Figure 1: Some Caenorhabditis species survive L1 starvation longer when starved at high density.
Figure 1

(a) Survival curves of C. elegans (N2) in L1 starvation at different worm densities. (b) Survival curves of C. briggsae (JU757) in L1 starvation at different worm densities. (c) Effect of worm density during starvation on 50% survival time for various wild isolates of C. elegans and C. briggsae. Slopes of the curves reflect the magnitude of the density dependence. (d) Effect of worm density during L1 starvation on 50% survival time for several representative Caenorhabditis species. (e) Magnitude of the density effect in L1 starvation for all tested Caenorhabditis species, including various strains of C. elegans and C. briggsae. Density dependence slopes were obtained from linear regressions of 50% survival time as a function of log2(worm density). (f) Latitude distributions of four Caenorhabditis species constructed based on data from54. Arrows in C. elegans and C. briggsae distributions indicate locations where worms tested in this work (Fig. 1c) had been isolated. Note log scale for x-axes in (c) and (d).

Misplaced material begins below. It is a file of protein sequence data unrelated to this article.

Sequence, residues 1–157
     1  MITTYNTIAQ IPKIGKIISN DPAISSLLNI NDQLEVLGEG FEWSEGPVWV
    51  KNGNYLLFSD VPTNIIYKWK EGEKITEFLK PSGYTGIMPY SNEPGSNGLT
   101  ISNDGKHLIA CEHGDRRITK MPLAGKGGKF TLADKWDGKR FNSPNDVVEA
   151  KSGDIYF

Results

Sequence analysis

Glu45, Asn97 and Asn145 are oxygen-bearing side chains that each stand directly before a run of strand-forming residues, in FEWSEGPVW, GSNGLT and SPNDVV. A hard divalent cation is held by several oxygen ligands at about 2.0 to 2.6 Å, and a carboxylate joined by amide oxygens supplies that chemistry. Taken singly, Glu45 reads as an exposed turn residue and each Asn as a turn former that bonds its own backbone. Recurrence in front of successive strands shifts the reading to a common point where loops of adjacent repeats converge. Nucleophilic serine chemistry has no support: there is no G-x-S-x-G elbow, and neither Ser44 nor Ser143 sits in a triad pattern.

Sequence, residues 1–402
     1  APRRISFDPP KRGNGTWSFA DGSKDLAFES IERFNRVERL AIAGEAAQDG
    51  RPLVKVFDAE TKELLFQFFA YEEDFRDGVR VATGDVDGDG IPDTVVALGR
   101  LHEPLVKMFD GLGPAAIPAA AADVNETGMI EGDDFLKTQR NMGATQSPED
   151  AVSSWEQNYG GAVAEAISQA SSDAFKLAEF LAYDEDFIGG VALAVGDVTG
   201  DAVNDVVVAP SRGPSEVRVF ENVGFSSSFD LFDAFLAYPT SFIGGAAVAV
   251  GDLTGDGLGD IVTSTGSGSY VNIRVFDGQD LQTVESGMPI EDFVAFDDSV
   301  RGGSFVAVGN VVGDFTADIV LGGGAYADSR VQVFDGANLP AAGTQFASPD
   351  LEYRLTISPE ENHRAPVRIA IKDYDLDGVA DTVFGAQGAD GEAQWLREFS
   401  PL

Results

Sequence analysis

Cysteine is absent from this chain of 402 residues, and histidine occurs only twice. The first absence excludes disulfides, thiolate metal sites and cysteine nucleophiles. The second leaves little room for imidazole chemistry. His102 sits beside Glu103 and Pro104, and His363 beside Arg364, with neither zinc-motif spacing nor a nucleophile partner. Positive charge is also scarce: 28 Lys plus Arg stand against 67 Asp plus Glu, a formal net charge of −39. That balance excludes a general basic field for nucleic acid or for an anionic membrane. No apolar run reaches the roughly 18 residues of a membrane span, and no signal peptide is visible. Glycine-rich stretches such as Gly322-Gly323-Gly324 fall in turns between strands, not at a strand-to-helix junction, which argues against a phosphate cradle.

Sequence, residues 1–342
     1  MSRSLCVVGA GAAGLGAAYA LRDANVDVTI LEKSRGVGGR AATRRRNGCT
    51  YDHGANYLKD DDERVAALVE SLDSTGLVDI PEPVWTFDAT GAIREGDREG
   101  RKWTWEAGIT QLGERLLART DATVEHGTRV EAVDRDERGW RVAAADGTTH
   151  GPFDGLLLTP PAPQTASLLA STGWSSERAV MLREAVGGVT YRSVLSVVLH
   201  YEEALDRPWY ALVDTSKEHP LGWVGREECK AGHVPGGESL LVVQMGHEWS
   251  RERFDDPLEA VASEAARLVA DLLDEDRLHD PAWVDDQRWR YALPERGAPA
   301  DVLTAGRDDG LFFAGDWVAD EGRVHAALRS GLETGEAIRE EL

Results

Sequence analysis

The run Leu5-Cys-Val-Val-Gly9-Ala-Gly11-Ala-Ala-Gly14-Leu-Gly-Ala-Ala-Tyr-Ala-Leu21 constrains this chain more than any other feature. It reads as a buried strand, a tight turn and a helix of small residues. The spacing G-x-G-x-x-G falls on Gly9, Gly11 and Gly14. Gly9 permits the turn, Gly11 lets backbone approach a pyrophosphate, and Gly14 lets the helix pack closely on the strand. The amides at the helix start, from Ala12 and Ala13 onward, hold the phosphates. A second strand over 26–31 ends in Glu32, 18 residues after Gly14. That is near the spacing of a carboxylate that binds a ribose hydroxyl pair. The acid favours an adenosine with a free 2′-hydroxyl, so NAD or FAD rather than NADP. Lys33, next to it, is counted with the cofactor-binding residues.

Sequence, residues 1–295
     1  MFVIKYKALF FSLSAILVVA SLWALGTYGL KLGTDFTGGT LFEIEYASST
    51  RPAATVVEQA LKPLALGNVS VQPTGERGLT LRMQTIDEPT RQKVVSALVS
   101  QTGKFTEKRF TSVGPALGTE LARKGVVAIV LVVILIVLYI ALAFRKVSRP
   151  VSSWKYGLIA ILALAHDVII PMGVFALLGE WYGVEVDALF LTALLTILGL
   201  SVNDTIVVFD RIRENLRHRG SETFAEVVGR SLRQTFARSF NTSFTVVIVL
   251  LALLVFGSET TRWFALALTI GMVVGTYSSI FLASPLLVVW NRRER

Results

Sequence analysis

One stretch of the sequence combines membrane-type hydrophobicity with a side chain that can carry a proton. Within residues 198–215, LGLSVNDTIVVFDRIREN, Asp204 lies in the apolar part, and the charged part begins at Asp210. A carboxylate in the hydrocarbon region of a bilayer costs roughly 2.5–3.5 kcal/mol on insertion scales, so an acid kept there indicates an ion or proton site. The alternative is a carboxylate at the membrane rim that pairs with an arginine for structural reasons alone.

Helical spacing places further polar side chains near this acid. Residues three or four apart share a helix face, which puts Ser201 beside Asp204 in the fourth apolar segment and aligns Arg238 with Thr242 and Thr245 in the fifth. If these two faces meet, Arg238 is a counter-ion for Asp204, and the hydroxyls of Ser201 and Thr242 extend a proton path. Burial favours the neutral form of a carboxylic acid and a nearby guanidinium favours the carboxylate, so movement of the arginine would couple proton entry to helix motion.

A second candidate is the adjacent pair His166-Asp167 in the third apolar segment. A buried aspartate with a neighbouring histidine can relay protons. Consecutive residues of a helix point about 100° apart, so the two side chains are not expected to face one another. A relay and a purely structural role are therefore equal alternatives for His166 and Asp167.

The density effect is mediated by chemical cue(s)